Colorado lawmakers seek suspension of Utah oil train project
Sen. Bennet and Rep. Neguse cite East Palestine derailment in calling for further review of Uinta Basin Railway Project
The Union Pacific railroad along the Colorado River through Glenwood Canyon is pictured on Sept. 2, 2021. (Chase Woodruff/Colorado Newsline)
U.S. Sen. Michael Bennet and U.S. Rep. Joe Neguse of Colorado on Monday wrote a letter to U.S. Agriculture Secretary Tom Vilsack urging him to formally suspend federal authorization of a Utah rail project that will send up to five, two-mile-long oil trains a day along the Colorado River, under the Continental Divide at Winter Park, and through downtown Denver.
Citing “ongoing concerns about the risks to Colorado’s communities, water, land, air, and climate from the Uinta Basin Railway Project,” Bennet and Neguse noted the U.S. Forest Service, part of the Department of Agriculture, has yet to issue a special use authorization for construction of the 88-mile railway that would run through the Ashley National Forest in Utah and connect the oil fields in the northeastern part of that state to the nation’s main rail network.
“We urge you to formally suspend any decision on that authorization until a supplemental review is conducted to fully evaluate the effects of this project on Colorado’s local communities and environment,” the Bennet-Neguse letter states. “This review is especially critical in light of the recent train derailment and environmental disaster in East Palestine, Ohio, which has laid bare the threat of moving hazardous materials by rail.”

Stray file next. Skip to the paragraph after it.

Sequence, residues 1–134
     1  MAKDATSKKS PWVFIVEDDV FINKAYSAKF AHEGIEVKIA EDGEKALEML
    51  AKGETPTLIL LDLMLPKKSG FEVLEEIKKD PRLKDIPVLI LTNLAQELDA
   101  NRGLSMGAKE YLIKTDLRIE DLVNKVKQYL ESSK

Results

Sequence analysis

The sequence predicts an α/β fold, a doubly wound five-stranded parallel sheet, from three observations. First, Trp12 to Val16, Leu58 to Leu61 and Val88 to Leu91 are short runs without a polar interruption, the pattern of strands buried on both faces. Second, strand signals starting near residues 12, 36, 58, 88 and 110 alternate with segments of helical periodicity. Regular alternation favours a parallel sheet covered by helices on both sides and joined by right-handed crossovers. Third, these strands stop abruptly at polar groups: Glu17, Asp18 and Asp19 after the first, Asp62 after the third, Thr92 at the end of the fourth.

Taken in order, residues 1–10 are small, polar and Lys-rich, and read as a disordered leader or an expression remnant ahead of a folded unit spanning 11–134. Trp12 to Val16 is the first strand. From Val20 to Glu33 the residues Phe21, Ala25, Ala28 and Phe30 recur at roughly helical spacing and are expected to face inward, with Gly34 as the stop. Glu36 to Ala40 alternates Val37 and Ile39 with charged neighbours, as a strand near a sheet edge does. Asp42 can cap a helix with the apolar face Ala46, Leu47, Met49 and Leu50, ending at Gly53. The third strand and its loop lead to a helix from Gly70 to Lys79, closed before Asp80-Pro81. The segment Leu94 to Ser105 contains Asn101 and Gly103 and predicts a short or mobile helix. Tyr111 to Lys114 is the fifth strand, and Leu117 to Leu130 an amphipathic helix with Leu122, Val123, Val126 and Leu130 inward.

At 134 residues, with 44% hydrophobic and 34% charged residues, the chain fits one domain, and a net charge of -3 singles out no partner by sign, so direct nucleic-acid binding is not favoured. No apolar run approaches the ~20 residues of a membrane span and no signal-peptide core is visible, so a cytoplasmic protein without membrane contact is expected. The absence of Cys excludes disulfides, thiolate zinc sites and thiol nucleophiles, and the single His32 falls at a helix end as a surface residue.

A Norfolk Southern freight train derailed on Feb. 3 in East Palestine, leading to the toxic release of vinyl chloride.
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The Forest Service last July approved the Utah project but still must issue a special use permit, and the U.S. Surface Transportation Board, which oversees the nation’s railroads, gave the Utah project the nod more than a year ago despite a dissenting vote from STB Chairman Martin Oberman. It’s estimated the new railway will enable up to 4.6 billion gallons of waxy crude oil a year to travel Colorado’s Central Corridor rail line on its way to Gulf Coast refineries.
“These trains would run for over 100 miles directly alongside the headwaters of the Colorado River — a vital water supply for nearly 40 million Americans, 30 tribal nations, millions of acres of agricultural land, and a main driver of our state’s recreation and tourism economies,” the letter states. “The river is already in crisis, unable to provide the water needed to meet demand.”
Bennet and Neguse, both Democrats, write in their letter that the Forest Service’s own “flawed” projections predict at least one oil spill derailment every four years in Colorado, with heated oil tanker cars likely to spark wildfires in remote canyons, leading to further mudslides like the ones that have plagued Glenwood Canyon — frequently shutting down Interstate 70.